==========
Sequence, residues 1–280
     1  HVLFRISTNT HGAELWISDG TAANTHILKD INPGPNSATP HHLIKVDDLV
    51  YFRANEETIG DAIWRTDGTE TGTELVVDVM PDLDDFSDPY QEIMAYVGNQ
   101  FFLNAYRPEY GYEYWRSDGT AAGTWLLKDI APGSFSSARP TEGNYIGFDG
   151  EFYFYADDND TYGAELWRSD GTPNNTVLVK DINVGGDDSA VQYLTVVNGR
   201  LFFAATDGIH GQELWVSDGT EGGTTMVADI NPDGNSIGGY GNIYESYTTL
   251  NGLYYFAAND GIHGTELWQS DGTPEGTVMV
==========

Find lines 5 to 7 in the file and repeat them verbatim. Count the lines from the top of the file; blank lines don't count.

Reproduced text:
   151  EFYFYADDND TYGAELWRSD GTPNNTVLVK DINVGGDDSA VQYLTVVNGR
   201  LFFAATDGIH GQELWVSDGT EGGTTMVADI NPDGNSIGGY GNIYESYTTL
   251  NGLYYFAAND GIHGTELWQS DGTPEGTVMV